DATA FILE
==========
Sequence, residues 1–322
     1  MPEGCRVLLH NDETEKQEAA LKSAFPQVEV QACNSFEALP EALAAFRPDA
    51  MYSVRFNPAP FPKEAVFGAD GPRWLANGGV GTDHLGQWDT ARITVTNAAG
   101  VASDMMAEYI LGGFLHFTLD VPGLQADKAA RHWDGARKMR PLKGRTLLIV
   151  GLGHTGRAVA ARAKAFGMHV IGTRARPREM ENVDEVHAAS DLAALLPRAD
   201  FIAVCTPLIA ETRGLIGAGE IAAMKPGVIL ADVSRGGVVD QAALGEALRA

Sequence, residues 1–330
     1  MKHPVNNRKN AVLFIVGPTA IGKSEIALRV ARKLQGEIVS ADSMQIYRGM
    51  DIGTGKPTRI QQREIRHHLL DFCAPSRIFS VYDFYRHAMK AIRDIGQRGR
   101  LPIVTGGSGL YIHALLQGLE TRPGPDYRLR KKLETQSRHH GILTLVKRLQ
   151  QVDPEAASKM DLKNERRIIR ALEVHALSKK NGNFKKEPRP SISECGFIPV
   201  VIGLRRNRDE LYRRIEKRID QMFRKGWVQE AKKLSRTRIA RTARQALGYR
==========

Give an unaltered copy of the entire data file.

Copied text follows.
Sequence, residues 1–322
     1  MPEGCRVLLH NDETEKQEAA LKSAFPQVEV QACNSFEALP EALAAFRPDA
    51  MYSVRFNPAP FPKEAVFGAD GPRWLANGGV GTDHLGQWDT ARITVTNAAG
   101  VASDMMAEYI LGGFLHFTLD VPGLQADKAA RHWDGARKMR PLKGRTLLIV
   151  GLGHTGRAVA ARAKAFGMHV IGTRARPREM ENVDEVHAAS DLAALLPRAD
   201  FIAVCTPLIA ETRGLIGAGE IAAMKPGVIL ADVSRGGVVD QAALGEALRA

Sequence, residues 1–330
     1  MKHPVNNRKN AVLFIVGPTA IGKSEIALRV ARKLQGEIVS ADSMQIYRGM
    51  DIGTGKPTRI QQREIRHHLL DFCAPSRIFS VYDFYRHAMK AIRDIGQRGR
   101  LPIVTGGSGL YIHALLQGLE TRPGPDYRLR KKLETQSRHH GILTLVKRLQ
   151  QVDPEAASKM DLKNERRIIR ALEVHALSKK NGNFKKEPRP SISECGFIPV
   201  VIGLRRNRDE LYRRIEKRID QMFRKGWVQE AKKLSRTRIA RTARQALGYR